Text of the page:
For his part, the former Labor MP Eitan Cabel appeared on the small screen during the VIP season – more distinguished – of “My Kitchen Rules”.
Some elected officials, for their part, do not wait until the end of their mandate to try their hand at reality TV. Merav Ben-Ari, legislator of Yesh Atid, appears in the credits of the reality TV show devoted to football “Goalstar” – which was shot when she was not in the Knesset.
The current Minister of Tourism, Yoel Razvozov, a former Olympic judoka, was supposed to appear on the “Ninja Israel” show when he was a member of Parliament, but he had strained a muscle and consequently withdrew from the cast.
The Likud deputy and former minister David “Dudi” Amsalem for his part illustrated in a season of “Master Chef VIP” which has not yet been broadcast to date.
But perhaps even more shocking is how other Israelis have exploited a quarter of an hour of infamy by turning it into hard currency through participation in a reality TV show.
Shula Zaken – former adviser to ex-Prime Minister Ehud Olmert imprisoned following the same corruption scandal that led to the downfall of her boss – has so far participated in two reality TV programs since her release: “Goalstar” and “Big Brother”.
Meni Naftali – the former manager of the Prime Minister’s residence during Benjamin Netanyahu’s tenure and who subsequently became one of his fiercest critics and failed to witness the prosecution – took part on the adventure of “Survivor VIP.” “
Azzam Azzam, this Israeli Druze who had been convicted in Egypt for spying for Israel and imprisoned there for eight years before being released in 2004, also participated in “Survivor VIP.” “
And – this is one of the most shocking examples – Orly Revivo, which had been known for years under the letter “Aleph”, who was the main plaintiff in the case against former President Moshe Katsav who had been finally convicted of raping her, appeared in “Big Brother VIP.” “
It’s no surprise that such figures accept – or seek out – the opportunities offered by reality TV. After becoming famous, after gaining notoriety, it can often be difficult to find a stable job because of the public gaze.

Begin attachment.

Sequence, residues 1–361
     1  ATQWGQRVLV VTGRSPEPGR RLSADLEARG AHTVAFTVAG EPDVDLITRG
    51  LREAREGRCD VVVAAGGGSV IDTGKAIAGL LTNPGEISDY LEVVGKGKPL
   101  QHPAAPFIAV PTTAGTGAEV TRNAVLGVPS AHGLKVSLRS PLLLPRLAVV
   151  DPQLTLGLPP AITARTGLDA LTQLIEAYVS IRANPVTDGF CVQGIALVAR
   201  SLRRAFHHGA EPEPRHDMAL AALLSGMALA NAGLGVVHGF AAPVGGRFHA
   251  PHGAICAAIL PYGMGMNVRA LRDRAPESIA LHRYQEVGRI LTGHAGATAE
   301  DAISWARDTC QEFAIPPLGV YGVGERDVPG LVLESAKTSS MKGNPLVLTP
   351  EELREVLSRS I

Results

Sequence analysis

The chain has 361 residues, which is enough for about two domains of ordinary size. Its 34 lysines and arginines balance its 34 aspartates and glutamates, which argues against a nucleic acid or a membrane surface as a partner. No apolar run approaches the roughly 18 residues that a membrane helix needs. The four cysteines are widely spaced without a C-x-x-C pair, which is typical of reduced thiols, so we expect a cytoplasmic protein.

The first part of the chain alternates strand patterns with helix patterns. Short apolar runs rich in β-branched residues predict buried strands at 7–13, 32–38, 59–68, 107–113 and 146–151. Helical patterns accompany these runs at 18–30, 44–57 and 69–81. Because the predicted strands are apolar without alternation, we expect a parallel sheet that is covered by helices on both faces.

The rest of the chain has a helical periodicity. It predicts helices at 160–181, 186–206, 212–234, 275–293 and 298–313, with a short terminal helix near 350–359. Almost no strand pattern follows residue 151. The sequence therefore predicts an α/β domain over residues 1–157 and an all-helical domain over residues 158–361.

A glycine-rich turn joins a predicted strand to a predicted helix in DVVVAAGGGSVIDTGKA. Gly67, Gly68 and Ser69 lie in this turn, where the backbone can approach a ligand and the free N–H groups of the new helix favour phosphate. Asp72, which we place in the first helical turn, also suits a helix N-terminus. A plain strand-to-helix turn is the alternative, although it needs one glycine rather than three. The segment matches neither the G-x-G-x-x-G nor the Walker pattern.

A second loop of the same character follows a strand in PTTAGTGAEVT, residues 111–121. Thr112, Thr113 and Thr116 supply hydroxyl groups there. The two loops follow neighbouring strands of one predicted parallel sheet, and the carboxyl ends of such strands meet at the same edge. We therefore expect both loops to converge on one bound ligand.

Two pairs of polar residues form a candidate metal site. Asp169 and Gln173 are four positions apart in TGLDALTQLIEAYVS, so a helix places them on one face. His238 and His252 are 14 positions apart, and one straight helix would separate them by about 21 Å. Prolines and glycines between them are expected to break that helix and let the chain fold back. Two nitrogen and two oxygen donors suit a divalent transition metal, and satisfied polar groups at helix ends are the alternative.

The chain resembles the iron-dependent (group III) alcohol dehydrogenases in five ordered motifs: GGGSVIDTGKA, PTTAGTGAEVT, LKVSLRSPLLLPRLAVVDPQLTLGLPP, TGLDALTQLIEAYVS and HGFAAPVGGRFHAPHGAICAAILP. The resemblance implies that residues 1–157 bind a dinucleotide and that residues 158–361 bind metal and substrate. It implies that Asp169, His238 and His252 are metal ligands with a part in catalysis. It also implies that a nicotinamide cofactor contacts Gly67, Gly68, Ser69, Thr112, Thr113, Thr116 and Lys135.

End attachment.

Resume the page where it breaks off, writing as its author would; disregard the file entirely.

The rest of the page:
But TV stations take the risk of appealing to these same personalities because their faces are precisely familiar to viewers.
Every night, more than 25% of Israeli households with a television watch the news. With wars, elections, terrorist attacks and endless political scandals, many Israelis have become accustomed to being glued to the small screen. And in such a small country, information that would be purely local hardly exists. The most important news of the day in Eilat is probably also the major news of the day in Jerusalem, Tel Aviv and Kiryat Shmona.
That’s right, I could tune into American reality TV for entertainment – but in Israel, reality TV has a geographic element. I can’t watch Married at First Sight without learning which participant went to the same high school as a friend, and which other knew my cousin’s wife. Even I, an immigrant, have at one point or another come across a familiar face during the “Master Chef” or “The New Star” auditions and, for those born or raised in Israel, this probability is even greater.
The dynamics of the Israeli entertainment industry – often referred to as “the swamp” – are fluid. With less population base than in Western countries, it seems Israel has a few celebrities, or around 10% of Israelis are “famous”. Reality TV stars become celebrities, celebrities appear on reality TV, and viewers continue to devour all available information about them.
But let’s not make the mistake of taking them as role models.